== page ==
A unique program that links art and vocational-training programs will be launched soon under the direction of Amber Dixon, the former interim superintendent of the Buffalo Public Schools.

The Buffalo Arts and Technology Center will provide health-sciences career training for unemployed and underemployed adults while also offering an after-school arts program for at-risk high school students. Dixon is hoping programs will begin later this year, with plans for a full-scale launch of the center by no later than early 2014. The center will be located in Artspace Buffalo Lofts, 1219 Main St.

Dixon recently sat down with The Buffalo News’ Brian Meyer. Here is a summary of some issues covered in an interview that is part of the weekly “In Focus” series. Watch the full seven-minute interview at

Meyer: Tell us about the Buffalo Arts and Technology Center.

Dixon: [It’s] a new attempt here in the City of Buffalo to make an economic impact on the city. We’re modeled after the Manchester Bidwell Corp. in Pittsburgh, and our mission is to impact the economy on a two-pronged level. On one main level, it’s to provide an arts education program for at-risk high school students. The idea being that we want to encourage them to stay in school and graduate, because we all know that the chances of working with a high school diploma are so much higher than if you don’t finish high school. And the second [mission] is to look at the burgeoning medical corridor and look at what jobs are available there and look at people who are traditionally unemployed or underserved in this community. [We’re looking at] how can we train people to take these jobs and make sure that the growth of the medical corridor is a growth of the neighborhoods around it.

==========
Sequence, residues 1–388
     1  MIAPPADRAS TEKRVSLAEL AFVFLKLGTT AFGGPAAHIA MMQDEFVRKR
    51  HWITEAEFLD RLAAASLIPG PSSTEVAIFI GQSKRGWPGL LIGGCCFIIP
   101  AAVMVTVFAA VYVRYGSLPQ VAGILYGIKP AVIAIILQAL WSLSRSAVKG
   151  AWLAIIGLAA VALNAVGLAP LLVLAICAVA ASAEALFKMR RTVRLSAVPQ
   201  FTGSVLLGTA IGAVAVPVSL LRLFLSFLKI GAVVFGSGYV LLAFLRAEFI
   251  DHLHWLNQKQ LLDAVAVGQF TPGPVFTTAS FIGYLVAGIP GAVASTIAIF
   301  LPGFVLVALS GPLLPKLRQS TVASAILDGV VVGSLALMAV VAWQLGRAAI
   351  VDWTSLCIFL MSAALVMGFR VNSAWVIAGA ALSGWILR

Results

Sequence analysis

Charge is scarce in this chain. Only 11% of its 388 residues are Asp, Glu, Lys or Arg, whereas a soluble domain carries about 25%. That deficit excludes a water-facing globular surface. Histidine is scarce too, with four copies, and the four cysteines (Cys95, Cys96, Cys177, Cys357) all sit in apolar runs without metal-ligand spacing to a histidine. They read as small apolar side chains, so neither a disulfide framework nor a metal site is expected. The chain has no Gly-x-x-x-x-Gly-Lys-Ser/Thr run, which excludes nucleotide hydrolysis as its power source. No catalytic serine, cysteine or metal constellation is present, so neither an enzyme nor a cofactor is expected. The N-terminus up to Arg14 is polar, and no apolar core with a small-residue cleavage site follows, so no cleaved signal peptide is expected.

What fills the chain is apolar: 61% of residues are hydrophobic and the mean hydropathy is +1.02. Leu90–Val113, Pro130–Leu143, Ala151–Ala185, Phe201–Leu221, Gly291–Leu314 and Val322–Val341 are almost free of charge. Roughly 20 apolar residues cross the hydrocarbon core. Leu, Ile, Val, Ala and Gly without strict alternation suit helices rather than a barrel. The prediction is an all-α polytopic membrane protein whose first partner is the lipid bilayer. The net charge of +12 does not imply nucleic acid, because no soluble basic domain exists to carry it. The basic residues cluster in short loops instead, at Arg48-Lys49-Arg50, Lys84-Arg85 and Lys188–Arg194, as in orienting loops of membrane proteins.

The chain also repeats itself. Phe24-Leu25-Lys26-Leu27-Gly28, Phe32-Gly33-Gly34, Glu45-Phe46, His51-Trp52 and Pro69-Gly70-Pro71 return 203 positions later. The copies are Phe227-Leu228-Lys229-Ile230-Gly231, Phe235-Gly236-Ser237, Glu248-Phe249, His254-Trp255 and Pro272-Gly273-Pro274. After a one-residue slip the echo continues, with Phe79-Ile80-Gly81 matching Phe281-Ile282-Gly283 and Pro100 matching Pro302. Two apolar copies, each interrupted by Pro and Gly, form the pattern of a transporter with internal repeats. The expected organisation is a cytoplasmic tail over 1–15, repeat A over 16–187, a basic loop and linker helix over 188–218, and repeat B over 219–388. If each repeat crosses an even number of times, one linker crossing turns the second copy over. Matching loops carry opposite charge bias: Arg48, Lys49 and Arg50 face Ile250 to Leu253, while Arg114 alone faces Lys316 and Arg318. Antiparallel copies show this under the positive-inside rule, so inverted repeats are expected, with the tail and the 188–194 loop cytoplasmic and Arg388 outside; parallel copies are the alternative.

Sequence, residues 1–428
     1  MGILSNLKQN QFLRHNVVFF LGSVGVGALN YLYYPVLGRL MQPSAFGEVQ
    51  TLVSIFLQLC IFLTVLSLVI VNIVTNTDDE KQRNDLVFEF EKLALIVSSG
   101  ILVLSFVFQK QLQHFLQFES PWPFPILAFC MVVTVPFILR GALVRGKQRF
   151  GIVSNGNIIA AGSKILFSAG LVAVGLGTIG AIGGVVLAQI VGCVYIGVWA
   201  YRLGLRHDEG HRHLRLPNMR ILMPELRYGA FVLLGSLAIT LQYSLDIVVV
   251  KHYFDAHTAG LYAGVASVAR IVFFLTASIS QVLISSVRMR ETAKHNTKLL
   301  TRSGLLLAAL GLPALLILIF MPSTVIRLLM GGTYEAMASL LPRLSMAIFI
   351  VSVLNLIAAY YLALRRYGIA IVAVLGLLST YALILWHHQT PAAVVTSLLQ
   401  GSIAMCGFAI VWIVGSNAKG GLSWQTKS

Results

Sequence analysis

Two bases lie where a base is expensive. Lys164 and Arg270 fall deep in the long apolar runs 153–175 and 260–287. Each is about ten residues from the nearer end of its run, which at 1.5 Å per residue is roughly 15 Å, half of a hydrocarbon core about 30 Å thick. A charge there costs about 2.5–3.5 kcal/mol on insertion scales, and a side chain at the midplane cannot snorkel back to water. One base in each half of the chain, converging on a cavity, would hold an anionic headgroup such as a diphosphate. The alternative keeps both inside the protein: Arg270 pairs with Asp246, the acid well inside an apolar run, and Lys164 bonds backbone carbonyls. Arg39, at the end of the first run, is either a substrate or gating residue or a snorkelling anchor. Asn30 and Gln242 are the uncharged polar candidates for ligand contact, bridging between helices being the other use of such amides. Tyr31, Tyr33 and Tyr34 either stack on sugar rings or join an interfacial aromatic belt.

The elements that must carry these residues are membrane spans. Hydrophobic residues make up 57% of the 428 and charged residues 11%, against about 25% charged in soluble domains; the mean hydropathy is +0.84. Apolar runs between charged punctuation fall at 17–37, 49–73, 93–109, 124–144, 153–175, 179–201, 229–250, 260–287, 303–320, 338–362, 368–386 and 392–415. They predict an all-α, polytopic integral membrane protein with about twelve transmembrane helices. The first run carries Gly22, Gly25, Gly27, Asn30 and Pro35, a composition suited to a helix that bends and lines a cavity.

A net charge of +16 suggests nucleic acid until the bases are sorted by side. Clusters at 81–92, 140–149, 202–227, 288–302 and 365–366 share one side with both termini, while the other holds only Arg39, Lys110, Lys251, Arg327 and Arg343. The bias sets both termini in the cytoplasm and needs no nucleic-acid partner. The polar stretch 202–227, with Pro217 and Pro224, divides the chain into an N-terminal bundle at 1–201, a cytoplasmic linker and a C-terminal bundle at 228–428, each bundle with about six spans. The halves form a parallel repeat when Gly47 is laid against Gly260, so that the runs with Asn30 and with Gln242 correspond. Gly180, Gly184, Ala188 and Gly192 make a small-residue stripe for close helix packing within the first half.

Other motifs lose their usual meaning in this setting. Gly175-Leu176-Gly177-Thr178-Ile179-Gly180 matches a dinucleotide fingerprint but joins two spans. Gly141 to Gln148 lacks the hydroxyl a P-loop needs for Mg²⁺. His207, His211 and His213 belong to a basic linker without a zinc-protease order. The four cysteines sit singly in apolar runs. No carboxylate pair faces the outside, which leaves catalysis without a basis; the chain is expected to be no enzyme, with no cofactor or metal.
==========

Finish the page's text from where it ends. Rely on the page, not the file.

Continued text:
Meyer: Two very different mission statements. Why do they go together, do you think?

Dixon: What you see is that children who are coming to us, the lower their [families’] income, the more obstacles they have to overcome. The more unstable the neighborhood, the less work there is in the neighborhood, the harder it is on the children. So it’s almost as if we’re attacking this cycle of poverty on two different levels. One is to prevent further poverty by keeping students in school ... getting them graduated and on to college or career. The second is to sort of swoop back and grab those people who maybe weren’t successful in college, or didn’t make it through high school, and make sure that there’s a chance for them to have a job in the medical corridor that will pay a living wage and allow them to sustain their family.

Meyer: [Economic development officials note] that not everyone is going to be a scientist, but we’re going to have a lot of other good jobs on that Medical Campus. But we need to train people for them.

Dixon: Exactly. The board that brought this model to Buffalo ... [did an extensive study] of what jobs in the medical corridor would provide this opportunity for people who have a high school diploma or a GED. We were able to narrow it down to two particular fields: medical coders and pharmacy techs ... These are both areas that will have jobs that pay beginning in the $30,000 range and moving on up to $50s and $60s. So [there is an] ability to walk into what could be a career in an institution that pays attention to its employees and is about to grow, as opposed to getting ready to pack up and leave town. So we’re very targeted in our approach.